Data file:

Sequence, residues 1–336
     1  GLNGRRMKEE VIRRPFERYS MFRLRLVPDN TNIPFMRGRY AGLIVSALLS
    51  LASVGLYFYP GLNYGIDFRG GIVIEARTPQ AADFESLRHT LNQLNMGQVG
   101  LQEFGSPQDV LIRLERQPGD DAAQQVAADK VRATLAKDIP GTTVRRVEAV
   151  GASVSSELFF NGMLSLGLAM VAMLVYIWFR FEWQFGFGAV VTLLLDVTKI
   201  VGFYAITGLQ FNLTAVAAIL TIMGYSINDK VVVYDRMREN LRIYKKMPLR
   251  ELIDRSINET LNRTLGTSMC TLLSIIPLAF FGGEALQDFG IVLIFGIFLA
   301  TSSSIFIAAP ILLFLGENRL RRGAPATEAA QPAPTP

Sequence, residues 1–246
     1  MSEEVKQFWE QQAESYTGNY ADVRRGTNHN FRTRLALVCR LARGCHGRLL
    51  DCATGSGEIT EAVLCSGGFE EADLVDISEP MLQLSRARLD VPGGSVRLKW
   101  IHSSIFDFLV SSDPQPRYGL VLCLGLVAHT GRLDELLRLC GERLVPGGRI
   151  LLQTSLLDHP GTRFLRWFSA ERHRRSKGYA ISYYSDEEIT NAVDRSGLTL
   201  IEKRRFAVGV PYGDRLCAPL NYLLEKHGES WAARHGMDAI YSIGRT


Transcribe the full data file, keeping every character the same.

Sequence, residues 1–336
     1  GLNGRRMKEE VIRRPFERYS MFRLRLVPDN TNIPFMRGRY AGLIVSALLS
    51  LASVGLYFYP GLNYGIDFRG GIVIEARTPQ AADFESLRHT LNQLNMGQVG
   101  LQEFGSPQDV LIRLERQPGD DAAQQVAADK VRATLAKDIP GTTVRRVEAV
   151  GASVSSELFF NGMLSLGLAM VAMLVYIWFR FEWQFGFGAV VTLLLDVTKI
   201  VGFYAITGLQ FNLTAVAAIL TIMGYSINDK VVVYDRMREN LRIYKKMPLR
   251  ELIDRSINET LNRTLGTSMC TLLSIIPLAF FGGEALQDFG IVLIFGIFLA
   301  TSSSIFIAAP ILLFLGENRL RRGAPATEAA QPAPTP

Sequence, residues 1–246
     1  MSEEVKQFWE QQAESYTGNY ADVRRGTNHN FRTRLALVCR LARGCHGRLL
    51  DCATGSGEIT EAVLCSGGFE EADLVDISEP MLQLSRARLD VPGGSVRLKW
   101  IHSSIFDFLV SSDPQPRYGL VLCLGLVAHT GRLDELLRLC GERLVPGGRI
   151  LLQTSLLDHP GTRFLRWFSA ERHRRSKGYA ISYYSDEEIT NAVDRSGLTL
   201  IEKRRFAVGV PYGDRLCAPL NYLLEKHGES WAARHGMDAI YSIGRT